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Shock collars to be banned in Wales

THE WELSH Assembly last week declared that it would ban the use of electric shock collars in Wales, becoming the first British assembly to do so in the UK.

Lesley Griffiths, Wrexham AM (Assembly Member), was a leader of the Kennel Club campaign in the National Assembly last autumn in calling for a public consultation exercise to be held on instituting a ban in Wales.

Minister for Rural Affairs Elin Jones will now draw up details of the ban, the first of its kind in the UK, after announcing the news in the Assembly last week. Ms Jones also said that consideration would be given to whether the sale and possession of the collars should be included in the legislation.

Following the consultation process, the Welsh Assembly will be drafting detailed regulations under the Secondary Legislation provided for the Animal Welfare Act to introduce a ban on the use of the devices in Wales, which is expected to be voted into law without significant dissent.
Commenting on the minister's announcement, Lesley Griffiths said: ‘I am in complete agreement with this ban on these cruel shock devices. I have always believed there are more effective ways of assisting training and curing behavioural difficulties with dogs – ways that do not rely on this kind of cruelty.

‘At the end of last year, I asked Wrexham people to take part in the consultation on shock collars. I know the majority of people were in favour of a ban. Now, their voices have been heard on this issue and Wales will be leading the way on introducing legislation in the UK, to end this shameful practice.’

Plaid Cymru AM Janet Ryder also welcomed the move and said: ‘I am very pleased that my colleague Elin Jones has made this announcement. Plaid has worked very closely with the Kennel Club in recent months and am glad that their campaign appears to have paid off.

‘Dogs shouldn't have to suffer what at best is uncivilised treatment and at worst, cruel and unnecessarily painful treatment that can cause lasting emotional and physical damage to dogs.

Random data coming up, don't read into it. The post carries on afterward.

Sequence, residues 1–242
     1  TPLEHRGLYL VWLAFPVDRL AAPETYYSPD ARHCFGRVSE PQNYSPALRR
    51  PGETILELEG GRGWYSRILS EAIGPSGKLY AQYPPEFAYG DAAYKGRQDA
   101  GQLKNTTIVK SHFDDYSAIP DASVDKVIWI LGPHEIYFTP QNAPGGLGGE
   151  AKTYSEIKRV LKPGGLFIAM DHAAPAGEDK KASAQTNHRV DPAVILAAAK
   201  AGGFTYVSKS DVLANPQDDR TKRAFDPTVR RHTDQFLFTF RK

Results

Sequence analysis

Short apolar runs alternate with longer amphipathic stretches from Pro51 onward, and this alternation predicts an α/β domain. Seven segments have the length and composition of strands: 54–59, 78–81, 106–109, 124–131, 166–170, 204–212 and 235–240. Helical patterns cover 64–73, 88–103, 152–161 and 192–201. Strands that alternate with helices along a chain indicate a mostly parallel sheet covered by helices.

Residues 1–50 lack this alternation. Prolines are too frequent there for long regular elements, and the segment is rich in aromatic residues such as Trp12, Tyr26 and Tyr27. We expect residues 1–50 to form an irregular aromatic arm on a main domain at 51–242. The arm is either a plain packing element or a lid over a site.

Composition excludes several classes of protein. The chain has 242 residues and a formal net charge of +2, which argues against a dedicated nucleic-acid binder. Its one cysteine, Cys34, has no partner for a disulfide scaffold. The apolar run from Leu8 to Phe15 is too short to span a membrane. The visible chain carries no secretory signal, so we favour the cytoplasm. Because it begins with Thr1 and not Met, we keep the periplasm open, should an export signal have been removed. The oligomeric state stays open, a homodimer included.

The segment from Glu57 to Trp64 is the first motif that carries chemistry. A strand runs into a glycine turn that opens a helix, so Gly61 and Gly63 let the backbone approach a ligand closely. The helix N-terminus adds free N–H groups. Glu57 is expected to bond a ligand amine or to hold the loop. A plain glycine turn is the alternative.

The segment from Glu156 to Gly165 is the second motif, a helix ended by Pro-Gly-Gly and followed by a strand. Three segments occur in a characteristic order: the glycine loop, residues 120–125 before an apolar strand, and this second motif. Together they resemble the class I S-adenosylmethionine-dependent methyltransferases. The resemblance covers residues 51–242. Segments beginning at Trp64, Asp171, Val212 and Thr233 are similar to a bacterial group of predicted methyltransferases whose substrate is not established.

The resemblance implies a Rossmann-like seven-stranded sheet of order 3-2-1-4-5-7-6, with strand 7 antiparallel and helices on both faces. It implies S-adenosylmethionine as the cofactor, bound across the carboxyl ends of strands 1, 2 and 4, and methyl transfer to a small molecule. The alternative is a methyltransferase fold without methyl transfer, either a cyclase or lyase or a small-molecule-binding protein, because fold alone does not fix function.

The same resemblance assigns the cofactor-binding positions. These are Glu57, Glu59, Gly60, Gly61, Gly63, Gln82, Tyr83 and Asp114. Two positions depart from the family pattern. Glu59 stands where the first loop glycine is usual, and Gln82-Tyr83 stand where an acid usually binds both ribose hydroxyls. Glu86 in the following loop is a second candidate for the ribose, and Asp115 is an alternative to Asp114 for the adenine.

‘I find it difficult to understand why any pet owner would want to use these methods anyway. I very much hope that the ban will extend to the use, sale and possession of these so-called training aids and related items like wireless leads and crates.’

The decision was warmly welcomed by the RSPCA. David Bowles, RSPCA Head of External Affairs said: ‘We are delighted with the stance that the Welsh Assembly Government has taken in banning the use of these instruments of cruelty and we hope that the Welsh Assembly will go as far as to ban the sale and possession.

‘This is the first major piece of legislation in Wales and England under the Animal Welfare Act and we fully support and congratulate the Minister on her commitment to improving the standards of animal welfare in Wales.’

Duncan McNair, Spokesman for The Electronic Collars Manufacturer’s Associations, (ECMA), ‘ECMA are both puzzled and disappointed by the decision to ban electronic training collars in Wales. The move denies the almost universal experience of owners of electronic training collars, who say that they bring enormous benefits to pet and owner and in many cases have saved animals lives.’
An announcement on shock collars is expected shortly in Scotland and ECMA is hopeful that the Scottish Government will adopt a more moderate approach based on ‘common sense and solid scientific research’.

There is no immediate prospect of such a ban in England however, despite the KC’s vigorous campaign and the attempt by Labour MP Anne Snelgrove (South Swindon) to secure a debate on the matter.

DEFRA, on behalf of the Westminster Labour Government stated previously: ‘While we are aware of a number of scientific studies on electric shock collars, DEFRA considers that to date those studies published in this area are not sufficiently robust and that the evidence base needs to be built on before consideration can be given to either banning or regulating their use. The government is not prepared to do this unless there is clear evidence that these devices in themselves are harmful to welfare’.